Deposit surge highlights strong 3Q for Ally Financial
Ally Financial reported double-digit profit gains in the third quarter as modest loan growth, higher loan yields and sharply lower taxes helped offset rising interest and noninterest expenses.
Net income at the $173 billion-asset company rose 34% to $374 million from the same quarter in 2017. Earnings per share of 88 cents were 7 cents better than the mean estimate of analysts compiled by FactSet Research Systems.
The results received a big boost from last year's cut in the corporate tax rate, as Ally's income tax expenses fell by 21% year over year to $91 million.
Deposits increased 12.5% to $101 billion as Ally added 57,000 new retail deposit customers during the quarter.
“We eclipsed $100 billion of total deposits during the quarter, an exceptional achievement for our company and a testament to the strength of the franchise and the brand we’ve built,” CEO Jeff Brown said in a news release. “Ally was the original disruptor in digital banking and I’m extremely proud of our leading market position, which has resulted in retail deposits increasing by more than ten-fold since becoming a bank holding company.”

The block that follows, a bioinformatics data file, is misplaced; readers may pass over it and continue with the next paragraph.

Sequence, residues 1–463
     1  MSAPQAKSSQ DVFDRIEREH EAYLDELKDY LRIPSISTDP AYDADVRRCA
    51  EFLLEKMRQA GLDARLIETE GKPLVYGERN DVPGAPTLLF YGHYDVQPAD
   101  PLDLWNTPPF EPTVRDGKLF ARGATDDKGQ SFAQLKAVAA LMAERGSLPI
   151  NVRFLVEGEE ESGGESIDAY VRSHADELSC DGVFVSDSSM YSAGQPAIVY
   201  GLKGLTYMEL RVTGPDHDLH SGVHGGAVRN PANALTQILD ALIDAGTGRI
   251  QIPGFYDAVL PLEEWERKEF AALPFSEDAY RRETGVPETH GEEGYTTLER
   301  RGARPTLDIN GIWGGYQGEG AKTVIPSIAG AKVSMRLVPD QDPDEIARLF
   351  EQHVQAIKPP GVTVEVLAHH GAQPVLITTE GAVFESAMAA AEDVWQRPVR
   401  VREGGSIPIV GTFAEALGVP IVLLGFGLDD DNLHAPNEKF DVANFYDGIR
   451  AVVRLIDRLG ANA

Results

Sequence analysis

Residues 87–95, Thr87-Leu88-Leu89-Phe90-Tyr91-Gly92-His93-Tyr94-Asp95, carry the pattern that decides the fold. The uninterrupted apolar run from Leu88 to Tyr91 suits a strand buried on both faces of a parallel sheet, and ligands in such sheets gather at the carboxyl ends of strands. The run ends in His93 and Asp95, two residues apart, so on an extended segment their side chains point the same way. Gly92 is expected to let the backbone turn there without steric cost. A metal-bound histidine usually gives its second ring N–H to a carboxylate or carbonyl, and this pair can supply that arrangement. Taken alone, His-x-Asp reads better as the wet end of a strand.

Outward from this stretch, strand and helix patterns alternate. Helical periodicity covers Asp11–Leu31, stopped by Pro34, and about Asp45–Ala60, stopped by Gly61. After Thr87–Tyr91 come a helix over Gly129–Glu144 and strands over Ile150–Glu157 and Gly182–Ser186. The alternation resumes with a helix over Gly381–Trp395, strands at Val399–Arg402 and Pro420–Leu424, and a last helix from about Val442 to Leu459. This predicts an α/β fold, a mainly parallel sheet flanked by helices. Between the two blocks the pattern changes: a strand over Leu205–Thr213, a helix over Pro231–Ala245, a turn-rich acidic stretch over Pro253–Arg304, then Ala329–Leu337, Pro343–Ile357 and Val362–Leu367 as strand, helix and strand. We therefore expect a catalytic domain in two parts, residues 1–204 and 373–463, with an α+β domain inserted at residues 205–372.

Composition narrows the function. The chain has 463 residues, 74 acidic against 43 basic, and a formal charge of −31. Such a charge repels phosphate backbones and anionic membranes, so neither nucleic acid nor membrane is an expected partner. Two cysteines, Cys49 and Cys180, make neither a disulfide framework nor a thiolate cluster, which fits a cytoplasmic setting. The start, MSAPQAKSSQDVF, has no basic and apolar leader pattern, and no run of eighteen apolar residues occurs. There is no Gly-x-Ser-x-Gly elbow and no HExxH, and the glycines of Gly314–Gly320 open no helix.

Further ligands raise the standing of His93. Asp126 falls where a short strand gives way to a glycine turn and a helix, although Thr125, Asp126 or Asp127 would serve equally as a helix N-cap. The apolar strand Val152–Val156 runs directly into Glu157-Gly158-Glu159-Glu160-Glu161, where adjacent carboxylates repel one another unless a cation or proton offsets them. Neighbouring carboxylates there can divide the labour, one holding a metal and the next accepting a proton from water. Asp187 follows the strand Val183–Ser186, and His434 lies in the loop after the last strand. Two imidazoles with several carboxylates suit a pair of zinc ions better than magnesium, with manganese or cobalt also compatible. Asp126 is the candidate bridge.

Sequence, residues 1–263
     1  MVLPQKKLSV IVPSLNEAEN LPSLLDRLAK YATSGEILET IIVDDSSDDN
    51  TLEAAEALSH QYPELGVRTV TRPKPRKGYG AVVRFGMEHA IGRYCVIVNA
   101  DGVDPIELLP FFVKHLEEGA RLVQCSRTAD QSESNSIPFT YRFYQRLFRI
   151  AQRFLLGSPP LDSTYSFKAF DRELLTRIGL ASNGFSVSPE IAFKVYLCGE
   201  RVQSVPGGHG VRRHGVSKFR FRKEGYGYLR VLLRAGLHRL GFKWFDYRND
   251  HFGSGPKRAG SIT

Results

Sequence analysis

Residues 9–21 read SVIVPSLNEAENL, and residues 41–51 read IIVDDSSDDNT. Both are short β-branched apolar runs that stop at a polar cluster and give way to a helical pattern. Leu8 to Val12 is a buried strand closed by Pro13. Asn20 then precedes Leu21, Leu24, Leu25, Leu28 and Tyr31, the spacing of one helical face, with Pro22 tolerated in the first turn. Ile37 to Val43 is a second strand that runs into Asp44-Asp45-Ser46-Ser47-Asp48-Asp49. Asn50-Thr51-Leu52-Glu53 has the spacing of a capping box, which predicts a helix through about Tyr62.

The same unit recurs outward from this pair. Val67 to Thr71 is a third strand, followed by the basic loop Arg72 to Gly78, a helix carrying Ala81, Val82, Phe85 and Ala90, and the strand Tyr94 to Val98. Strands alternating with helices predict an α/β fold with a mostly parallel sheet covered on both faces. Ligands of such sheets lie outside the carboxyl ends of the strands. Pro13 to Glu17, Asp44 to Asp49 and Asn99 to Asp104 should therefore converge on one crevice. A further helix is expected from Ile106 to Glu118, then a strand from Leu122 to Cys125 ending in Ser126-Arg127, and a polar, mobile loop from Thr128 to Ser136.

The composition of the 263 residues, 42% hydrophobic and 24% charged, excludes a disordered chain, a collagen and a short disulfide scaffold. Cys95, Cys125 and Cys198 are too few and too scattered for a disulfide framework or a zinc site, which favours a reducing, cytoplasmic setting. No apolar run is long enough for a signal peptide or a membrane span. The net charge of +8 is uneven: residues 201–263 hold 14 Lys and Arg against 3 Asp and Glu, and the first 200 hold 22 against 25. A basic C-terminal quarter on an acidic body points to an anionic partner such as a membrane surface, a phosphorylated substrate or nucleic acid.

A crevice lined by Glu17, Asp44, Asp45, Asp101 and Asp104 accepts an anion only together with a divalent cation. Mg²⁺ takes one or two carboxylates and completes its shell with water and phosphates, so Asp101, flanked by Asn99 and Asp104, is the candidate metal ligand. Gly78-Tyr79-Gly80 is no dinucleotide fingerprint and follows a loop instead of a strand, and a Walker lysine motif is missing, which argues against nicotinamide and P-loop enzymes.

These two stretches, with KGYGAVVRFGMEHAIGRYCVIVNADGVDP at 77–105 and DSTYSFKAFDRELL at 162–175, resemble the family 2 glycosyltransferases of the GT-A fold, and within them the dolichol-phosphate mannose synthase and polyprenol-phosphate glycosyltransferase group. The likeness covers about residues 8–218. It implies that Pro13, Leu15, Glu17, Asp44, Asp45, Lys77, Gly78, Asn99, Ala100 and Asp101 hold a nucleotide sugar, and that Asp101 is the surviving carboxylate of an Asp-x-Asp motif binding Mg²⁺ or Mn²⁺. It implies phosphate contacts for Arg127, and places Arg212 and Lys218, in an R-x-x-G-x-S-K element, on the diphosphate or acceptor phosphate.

Interest costs on deposits jumped 62% to $462 million. Online-only banks like Ally typically pay the market’s highest rates on deposits, using the savings from their lack of retail branches to fund the higher rates.
Net financing revenue, Ally’s equivalent to net interest income, increased 2.4% to $1.1 billion.
Total loans and finance receivables increased 6.6% to $125.4 billion. Auto loans rose 4.5% to $70 billion and the average yield on those loans increased 132 basis points to 7.53%
Meanwhile, charge-offs on retail auto loans dropped 13 basis points to 1.32%.
Noninterest income rose 4.5% to $398 million, driven by a gain on sale related to a loan sale in the auto business.
Noninterest expense spiked 7.2% to $807 million on higher employee compensation and benefits and increased technology investments.